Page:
This video isn’t entirely necessary to watch in full, but irritated me as I watched it last night. Bible thumper comes on and says that homosexuality is against the word of God. Elliot Spitzer is very careful, saying things like “I respect your beliefs” but never addressing the obvious: the Bible says that adulterers should be stoned, as should women who have sex before marriage. If the Bible is the word of God, then you are disobeying God by not following these precepts. The problem with fundamentalists is that they are not fundamentalist enough. Crazy as that sounds – if evangelicals were truly forced to live in the world that the Bible dictates, they’d realize what a dystopia it would be. Does God want a dystopia? But Elliot Spitzer never mentions the ludicrous tenets of the Bible – and if stoning a non-virgin is kind of crazy, maybe homosexuality is evil is kind of crazy as well.
Furthermore, very sick of “I respect your beliefs.” Once religion is used to legislate – following religion as if it’s law – it’s no longer a “belief” but a political ideology. Commentators should not have to be so careful, as if religion is a “personal matter.” It’s hardly personal if they’re trying to bring these ideas into government. Religion is used as a shield – “I do not discuss my faith” – even if that faith guides policy. So someone like Michelle Bachmann can get a pass, and won’t be asked what she truly believes. Does she, for example, want the war of Armageddon? This is a valid question – ludicrous to normal people, but she’s a zealot.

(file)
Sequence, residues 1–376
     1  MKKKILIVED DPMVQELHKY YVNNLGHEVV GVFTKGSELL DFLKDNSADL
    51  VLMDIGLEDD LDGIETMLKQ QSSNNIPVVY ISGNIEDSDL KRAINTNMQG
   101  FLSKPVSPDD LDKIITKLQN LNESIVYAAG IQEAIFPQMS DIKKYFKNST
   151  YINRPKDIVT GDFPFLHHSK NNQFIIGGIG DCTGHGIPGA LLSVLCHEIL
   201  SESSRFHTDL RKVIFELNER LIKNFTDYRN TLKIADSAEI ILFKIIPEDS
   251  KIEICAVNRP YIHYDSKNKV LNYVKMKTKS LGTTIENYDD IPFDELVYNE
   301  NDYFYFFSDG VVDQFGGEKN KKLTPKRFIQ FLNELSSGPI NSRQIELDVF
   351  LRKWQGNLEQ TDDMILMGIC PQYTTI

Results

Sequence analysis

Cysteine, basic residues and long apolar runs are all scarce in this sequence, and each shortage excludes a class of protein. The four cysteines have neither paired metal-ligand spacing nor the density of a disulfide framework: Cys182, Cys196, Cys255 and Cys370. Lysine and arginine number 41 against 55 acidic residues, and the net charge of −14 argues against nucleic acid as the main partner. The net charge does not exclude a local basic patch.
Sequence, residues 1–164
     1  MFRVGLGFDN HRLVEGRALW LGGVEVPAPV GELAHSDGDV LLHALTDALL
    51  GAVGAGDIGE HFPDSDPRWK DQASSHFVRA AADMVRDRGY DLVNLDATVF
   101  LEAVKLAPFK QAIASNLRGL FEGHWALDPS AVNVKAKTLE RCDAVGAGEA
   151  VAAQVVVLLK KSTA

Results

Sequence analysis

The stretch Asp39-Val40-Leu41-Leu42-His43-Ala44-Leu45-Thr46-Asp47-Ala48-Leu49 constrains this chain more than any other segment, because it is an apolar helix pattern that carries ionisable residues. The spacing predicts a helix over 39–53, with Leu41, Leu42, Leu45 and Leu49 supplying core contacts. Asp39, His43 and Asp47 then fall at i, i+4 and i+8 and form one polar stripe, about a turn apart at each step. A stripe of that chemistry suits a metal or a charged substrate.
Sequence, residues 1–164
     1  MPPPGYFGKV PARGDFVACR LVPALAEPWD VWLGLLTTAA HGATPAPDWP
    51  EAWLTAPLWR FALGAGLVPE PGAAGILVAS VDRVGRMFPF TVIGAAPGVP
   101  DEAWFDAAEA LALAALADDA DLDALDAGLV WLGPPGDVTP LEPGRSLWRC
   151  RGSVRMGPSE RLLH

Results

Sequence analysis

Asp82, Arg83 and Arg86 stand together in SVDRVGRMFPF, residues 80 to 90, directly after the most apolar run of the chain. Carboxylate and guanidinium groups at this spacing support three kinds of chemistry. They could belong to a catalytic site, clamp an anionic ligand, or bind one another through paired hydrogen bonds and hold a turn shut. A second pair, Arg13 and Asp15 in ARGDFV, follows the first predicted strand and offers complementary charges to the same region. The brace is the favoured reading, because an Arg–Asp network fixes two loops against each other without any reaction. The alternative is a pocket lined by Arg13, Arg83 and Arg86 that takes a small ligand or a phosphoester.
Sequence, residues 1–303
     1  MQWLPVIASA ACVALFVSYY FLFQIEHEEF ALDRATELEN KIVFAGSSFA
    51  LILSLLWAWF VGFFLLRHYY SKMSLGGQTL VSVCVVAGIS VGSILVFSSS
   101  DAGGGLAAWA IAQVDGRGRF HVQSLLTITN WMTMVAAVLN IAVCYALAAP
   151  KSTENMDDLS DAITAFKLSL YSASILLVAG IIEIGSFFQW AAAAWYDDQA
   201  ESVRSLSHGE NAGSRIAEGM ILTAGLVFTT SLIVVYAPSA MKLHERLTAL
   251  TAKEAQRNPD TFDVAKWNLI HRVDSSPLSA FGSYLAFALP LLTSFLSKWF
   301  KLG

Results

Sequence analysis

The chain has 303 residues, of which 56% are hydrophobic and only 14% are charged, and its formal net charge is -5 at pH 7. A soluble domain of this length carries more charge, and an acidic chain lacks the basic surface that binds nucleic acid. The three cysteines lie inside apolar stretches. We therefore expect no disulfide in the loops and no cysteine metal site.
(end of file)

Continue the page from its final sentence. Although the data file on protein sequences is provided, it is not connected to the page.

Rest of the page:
Maybe there will be an article – “Does Michelle Bachmann want the war of Armageddon?” with an outline of Left Behind beliefs, but without asking her about it wherever she goes. If she is truly a Left Behind Christian, this a serious concern – in fact, it’s the most serious concern – and “I don’t discuss matters of my faith” is a disaster in the making. The religious test clause is a good one, a person should not have to be religious to serve – but if someone is deeply religious, the press needs to ask exactly what this means. Questions about the founding fathers are nice, but are only a surface reflection of a fundamentalist core.